For the first year of the “Summer Festival Opera 2019-20 Japan↔Tokyo↔World”, Puccini’s “Turandot” was performed in July 2019 at the Tokyo Bunka Kaikan.
Under the direction of General Producer and Artistic Director of Opera at the New National Theatre, Tokyo, ONO Kazushi, the production was headed by Àlex OLLÉ, one of the six artistic directors of the cutting-edge Spanish theater company La Fura dels Baus. The orchestra was the Barcelona Symphony Orchestra-the National Orchestra of Catalonia (where ONO serves as Music Director), and the chorus included the participation of three groups: the New National Theatre Chorus, the Fujiwara Opera Chorus Group, and the BIWAKO HALL Vocal Ensemble.
The spectacular set is centered on the motif of an ancient well, with the chorus arrayed up to its highest points. Ⓒ HOTTA Rikimaru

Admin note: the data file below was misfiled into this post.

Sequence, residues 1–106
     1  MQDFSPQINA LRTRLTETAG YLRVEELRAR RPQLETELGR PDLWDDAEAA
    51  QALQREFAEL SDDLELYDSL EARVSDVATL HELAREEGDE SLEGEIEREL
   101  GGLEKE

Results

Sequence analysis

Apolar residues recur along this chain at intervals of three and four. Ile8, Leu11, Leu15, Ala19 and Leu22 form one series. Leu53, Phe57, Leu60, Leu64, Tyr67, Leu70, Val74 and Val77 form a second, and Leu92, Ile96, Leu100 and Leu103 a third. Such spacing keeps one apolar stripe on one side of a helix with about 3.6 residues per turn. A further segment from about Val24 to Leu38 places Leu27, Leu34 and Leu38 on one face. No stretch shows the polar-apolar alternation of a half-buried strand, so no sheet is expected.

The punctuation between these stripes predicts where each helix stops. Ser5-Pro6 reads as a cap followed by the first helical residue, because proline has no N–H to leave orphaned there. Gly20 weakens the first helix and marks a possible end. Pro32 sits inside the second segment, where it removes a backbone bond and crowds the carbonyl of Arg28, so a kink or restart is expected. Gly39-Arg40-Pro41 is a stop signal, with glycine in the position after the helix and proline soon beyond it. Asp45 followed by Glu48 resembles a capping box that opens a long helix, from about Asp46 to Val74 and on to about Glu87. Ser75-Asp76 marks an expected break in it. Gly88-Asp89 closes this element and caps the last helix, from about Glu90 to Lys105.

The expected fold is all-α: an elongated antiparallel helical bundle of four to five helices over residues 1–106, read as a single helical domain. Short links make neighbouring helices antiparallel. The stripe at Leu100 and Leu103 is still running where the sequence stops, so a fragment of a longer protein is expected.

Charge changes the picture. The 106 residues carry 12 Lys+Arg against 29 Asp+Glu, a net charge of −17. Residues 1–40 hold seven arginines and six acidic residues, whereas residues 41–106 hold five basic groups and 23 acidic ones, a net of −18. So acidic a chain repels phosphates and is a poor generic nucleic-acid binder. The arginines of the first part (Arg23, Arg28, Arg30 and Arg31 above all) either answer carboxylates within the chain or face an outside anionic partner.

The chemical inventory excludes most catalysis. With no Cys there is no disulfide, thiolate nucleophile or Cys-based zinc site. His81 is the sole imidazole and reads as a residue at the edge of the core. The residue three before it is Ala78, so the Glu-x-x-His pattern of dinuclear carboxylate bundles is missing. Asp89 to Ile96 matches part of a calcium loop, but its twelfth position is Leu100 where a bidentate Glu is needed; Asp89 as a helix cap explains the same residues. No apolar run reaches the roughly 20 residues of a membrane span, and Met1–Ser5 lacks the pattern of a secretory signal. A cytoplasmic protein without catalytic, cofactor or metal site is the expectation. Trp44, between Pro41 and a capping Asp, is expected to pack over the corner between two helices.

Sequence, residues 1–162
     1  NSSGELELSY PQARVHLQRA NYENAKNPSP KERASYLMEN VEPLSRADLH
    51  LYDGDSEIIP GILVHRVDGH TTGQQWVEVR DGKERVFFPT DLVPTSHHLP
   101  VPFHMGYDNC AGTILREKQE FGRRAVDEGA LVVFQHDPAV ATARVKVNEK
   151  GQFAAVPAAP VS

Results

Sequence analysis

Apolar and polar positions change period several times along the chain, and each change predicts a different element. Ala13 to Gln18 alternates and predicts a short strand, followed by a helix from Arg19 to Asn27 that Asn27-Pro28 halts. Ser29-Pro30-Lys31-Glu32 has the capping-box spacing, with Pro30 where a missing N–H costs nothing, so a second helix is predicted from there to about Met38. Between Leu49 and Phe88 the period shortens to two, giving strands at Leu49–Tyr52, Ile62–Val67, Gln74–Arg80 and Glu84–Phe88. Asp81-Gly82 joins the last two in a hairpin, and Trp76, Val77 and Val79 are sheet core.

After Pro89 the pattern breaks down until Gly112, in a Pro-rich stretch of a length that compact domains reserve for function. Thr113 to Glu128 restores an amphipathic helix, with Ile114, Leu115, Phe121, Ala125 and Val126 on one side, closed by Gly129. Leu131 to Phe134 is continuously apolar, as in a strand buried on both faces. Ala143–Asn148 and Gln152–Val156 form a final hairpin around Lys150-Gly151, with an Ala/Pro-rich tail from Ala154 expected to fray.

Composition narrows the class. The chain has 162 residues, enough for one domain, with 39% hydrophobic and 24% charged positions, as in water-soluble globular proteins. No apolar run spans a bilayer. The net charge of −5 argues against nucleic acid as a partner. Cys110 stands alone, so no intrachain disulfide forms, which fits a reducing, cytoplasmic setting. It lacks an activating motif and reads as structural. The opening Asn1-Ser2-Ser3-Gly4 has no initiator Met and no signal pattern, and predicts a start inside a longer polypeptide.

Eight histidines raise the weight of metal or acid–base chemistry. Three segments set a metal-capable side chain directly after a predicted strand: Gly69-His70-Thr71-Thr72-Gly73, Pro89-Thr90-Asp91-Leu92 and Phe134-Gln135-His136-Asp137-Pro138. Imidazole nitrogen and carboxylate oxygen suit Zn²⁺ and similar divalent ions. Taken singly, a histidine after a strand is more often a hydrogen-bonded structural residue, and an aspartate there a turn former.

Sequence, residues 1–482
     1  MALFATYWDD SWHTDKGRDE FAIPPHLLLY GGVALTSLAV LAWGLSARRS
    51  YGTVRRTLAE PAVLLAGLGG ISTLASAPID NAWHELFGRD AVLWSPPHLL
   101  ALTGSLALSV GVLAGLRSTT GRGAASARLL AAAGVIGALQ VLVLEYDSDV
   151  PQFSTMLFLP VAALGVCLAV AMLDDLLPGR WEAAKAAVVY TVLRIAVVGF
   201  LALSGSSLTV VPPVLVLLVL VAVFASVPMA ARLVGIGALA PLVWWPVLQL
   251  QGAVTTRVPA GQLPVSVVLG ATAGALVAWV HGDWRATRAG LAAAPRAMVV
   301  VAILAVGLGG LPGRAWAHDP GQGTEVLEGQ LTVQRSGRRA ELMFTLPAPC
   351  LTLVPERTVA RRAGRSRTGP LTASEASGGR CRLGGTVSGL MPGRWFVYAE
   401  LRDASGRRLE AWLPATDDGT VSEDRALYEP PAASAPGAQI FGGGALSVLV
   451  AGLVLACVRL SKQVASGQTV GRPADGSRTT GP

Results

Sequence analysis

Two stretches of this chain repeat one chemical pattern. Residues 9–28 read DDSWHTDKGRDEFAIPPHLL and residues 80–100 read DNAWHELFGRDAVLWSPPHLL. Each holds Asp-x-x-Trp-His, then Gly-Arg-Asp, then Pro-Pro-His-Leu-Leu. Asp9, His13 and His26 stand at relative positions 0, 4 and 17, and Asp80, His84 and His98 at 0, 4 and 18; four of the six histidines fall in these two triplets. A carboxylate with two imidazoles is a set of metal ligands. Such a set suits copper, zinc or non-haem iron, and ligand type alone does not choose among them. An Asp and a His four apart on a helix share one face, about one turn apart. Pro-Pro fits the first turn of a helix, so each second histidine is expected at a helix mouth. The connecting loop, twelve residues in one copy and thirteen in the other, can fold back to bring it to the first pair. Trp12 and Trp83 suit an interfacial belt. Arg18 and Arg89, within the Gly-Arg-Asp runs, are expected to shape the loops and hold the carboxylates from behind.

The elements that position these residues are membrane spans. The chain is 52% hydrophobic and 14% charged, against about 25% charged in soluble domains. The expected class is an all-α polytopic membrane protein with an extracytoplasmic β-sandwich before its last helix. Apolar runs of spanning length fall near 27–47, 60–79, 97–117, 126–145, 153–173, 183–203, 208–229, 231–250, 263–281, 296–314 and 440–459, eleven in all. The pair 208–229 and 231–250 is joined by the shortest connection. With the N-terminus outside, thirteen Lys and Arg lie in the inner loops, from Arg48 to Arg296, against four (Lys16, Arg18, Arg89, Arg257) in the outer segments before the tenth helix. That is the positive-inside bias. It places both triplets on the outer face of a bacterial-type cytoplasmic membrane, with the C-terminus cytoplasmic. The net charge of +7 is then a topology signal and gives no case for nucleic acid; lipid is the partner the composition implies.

The distinctive set design featured a monotone mood of decay, reminiscent of a whimsical imaginary city. Inspired by the stepwells of India, the stage design was enormous, with maze-like staircases tall enough to hide the entire backdrop of the stage. The moveable set also made it possible for the chorus to sing as they moved in impressive choreographed motions, as if drawing beautiful patterns. The chorus, composed up of groups from across Japan, was soul-stirring, and the set design also played an acoustic role in acting as a sounding board.